One of the things that makes the master's in communication such a powerful degree is that it can be broadly applicable to a number of different roles and industries across the globe. Whether you're working in financial services, marketing or even for a local nonprofit, your skills could be an invaluable asset to any organization.
For Mihir Pandya '18, a graduate degree in communication from SNHU meant realizing his dream of working in the sports industry. After interning for Major League Soccer (MLS), he was offered a full-time job in their communications department, working as a media monitoring and analysis consultant.
"Learning on the job alongside with the MA program in communication came in very handy," Pandya said. "I was able to apply my real-life experiences to the program and my book knowledge to the internship."
A master's in communication also aims to prepare you for any challenge that might come your way. Upon graduating, you'll be equipped with skills that can help you adapt in fast-paced environments.
“A communicator has his or her fingers in every pot," said Associate Dean of Liberal Arts, Communication Dr. Karen Wilkinson. "You are going to need to know how to create a graphic, respond to a crisis, write a blog or create a web page. Communication is tied to technology and technology is ever-evolving.”
What are the best communication skills?
A communication degree can help you grow a number of "soft skills," which, according to a National Association of Colleges and Employers Job Outlook 2020 survey, were high on employers' wish lists for employees.3 In fact, 86.3% of the hiring managers who answered the survey valued staff who can collaborate as part of a team.
Even more managers, 91.2%, look for employees who have problem-solving skills. Other soft skills managers listed included:
- Writing proficiency - 77.5%
- Strong work ethic - 80.4%
- Verbal communication - 69.6%
- Leadership - 72.5%
All of these skills are central to our online master's in communication program. And if you're looking to stand out even more to employers, we offer concentrations in public relations and new media, too.
Both concentrations find their sweet spot in the intersection of messaging and technology, according to SNHU instructor Robert Krueger.
“As a professor who also works for a large global company, I assure you these are the skills that make communicators succeed out in the field.”
What is the difference between communications and communication studies?
While the names alone do not have specific, across-the-board differences, it's worth noting that, even with the same name, the content of these programs may vary. If you're trying to decide on a program, take a close look at the course curriculum and outcomes to figure out if it's right for you.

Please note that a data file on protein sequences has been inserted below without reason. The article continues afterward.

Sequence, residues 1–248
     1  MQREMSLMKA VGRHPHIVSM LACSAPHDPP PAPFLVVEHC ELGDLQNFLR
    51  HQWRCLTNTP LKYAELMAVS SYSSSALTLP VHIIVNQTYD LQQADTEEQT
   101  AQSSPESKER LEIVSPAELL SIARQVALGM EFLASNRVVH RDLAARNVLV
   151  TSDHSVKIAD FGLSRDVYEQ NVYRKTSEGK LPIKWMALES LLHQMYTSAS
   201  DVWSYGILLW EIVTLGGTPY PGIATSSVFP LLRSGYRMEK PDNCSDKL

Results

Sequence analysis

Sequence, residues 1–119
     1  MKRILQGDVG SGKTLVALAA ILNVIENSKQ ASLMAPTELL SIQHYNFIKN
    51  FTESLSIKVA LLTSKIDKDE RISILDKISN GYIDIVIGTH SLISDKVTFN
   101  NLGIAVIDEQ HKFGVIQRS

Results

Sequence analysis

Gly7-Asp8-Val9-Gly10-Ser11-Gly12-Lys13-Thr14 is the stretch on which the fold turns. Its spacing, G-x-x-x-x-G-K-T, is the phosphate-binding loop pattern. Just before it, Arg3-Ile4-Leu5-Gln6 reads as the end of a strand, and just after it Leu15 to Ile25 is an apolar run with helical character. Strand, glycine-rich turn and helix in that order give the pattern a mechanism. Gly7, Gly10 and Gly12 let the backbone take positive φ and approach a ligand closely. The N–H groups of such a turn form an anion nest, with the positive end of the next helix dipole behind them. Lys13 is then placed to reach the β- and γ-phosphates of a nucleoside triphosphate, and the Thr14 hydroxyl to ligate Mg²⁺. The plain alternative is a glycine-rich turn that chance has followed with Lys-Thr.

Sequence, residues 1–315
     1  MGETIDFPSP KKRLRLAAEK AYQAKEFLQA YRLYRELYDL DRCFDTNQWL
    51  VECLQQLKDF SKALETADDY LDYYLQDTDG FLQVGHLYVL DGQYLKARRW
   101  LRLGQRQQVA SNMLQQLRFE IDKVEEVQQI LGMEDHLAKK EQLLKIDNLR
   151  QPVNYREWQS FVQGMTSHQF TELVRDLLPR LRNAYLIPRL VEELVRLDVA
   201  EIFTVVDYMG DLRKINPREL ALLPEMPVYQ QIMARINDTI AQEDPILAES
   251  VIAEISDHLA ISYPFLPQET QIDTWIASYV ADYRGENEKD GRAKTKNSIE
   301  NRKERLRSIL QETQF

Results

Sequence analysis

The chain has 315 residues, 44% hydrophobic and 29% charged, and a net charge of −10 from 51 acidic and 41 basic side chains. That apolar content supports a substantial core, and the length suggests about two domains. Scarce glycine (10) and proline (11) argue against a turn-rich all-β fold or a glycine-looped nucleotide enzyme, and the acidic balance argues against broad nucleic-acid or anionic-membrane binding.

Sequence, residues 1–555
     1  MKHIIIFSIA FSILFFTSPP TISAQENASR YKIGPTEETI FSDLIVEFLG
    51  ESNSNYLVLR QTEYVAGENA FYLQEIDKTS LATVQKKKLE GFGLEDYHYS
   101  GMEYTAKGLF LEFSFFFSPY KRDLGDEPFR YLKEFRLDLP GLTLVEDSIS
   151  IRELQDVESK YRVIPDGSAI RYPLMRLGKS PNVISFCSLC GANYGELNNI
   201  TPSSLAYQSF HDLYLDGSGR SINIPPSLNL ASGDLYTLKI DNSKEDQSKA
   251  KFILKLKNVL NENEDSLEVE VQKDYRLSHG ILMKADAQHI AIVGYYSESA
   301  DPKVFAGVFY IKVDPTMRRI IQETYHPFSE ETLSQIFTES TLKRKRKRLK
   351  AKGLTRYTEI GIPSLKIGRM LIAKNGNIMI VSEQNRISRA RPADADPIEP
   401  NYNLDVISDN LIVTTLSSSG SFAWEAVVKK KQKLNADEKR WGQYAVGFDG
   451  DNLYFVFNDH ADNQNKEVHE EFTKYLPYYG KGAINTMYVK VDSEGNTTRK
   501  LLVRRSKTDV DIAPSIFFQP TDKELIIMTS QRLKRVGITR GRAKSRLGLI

Our graduate communication program, for example, mixes theoretical principles and concepts with practical, real-world applications using engaged class discussion, internships and a capstone.
Take a look at our course curriculum to learn more.
What do you learn in communications?
The curriculum for our online graduate communication program is designed to prepare you for success in the field. That means, in part, taking a look at the competencies and skills that are most valued by employers across the globe.
The International Association of Business Communicators (IABC) notes 6 core principles of the communication profession.4 These core principles, which help inform key communication skills, are present throughout our program. They are:
- Ethics. Communicating cultural values, representing organizations truthfully and enabling mutual understanding and respect.
- Consistency. Establish a clear and compelling narrative and recognize the diverse perspectives of your audience.
- Context. Understand internal cultures, external environments and how to advocate for your organization.
- Analysis. Understand and evaluate communication plans using qualitative and quantitative research.
- Strategy. Identify opportunities and challenges and execute effective communication strategies.
- Engagement. Foster and nourish relationships with key stakeholders to align on shared goals.
Southern New Hampshire University is a private, nonprofit institution accredited by the New England Commission of Higher Education (NECHE) as well as several other accrediting bodies.
Sources & Citations (1, 2, 3, 4)
1 Bureau of Labor Statistics, U.S. Department of Labor, Occupational Outlook Handbook, on the internet, at:
- https://www.bls.gov/oes/current/oes273031.htm (viewed June 3, 2021)
- https://www.bls.gov/ooh/management/public-relations-managers.htm (viewed June 3, 2021)
- https://www.bls.gov/ooh/management/advertising-promotions-and-marketing-managers.htm (viewed June 3, 2021)
- https://www.bls.gov/ooh/media-and-communication/technical-writers.htm (viewed June 3, 2021)
- https://www.bls.gov/ooh/business-and-financial/market-research-analysts.htm (viewed June 3, 2021)
- https://www.bls.gov/emp/chart-unemployment-earnings-education.htm (viewed June 3, 2021)
Cited projections may not reflect local and/or short-term economic or job conditions and do not guarantee actual job growth.
2 According to survey responses from over 9,200 SNHU online students conducted in the fall of 2019.
3 National Association of Colleges and Employers, on the internet at https://www.naceweb.org/talent-acquisition/candidate-selection/key-attributes-employers-want-to-see-on-students-resumes/ (viewed June 3, 2021)
4 International Association of Business Communicators. The Global Standard of the Communication Professional, on the internet, at https://www.iabc.com/global-standard-2/ (viewed June 3, 2021)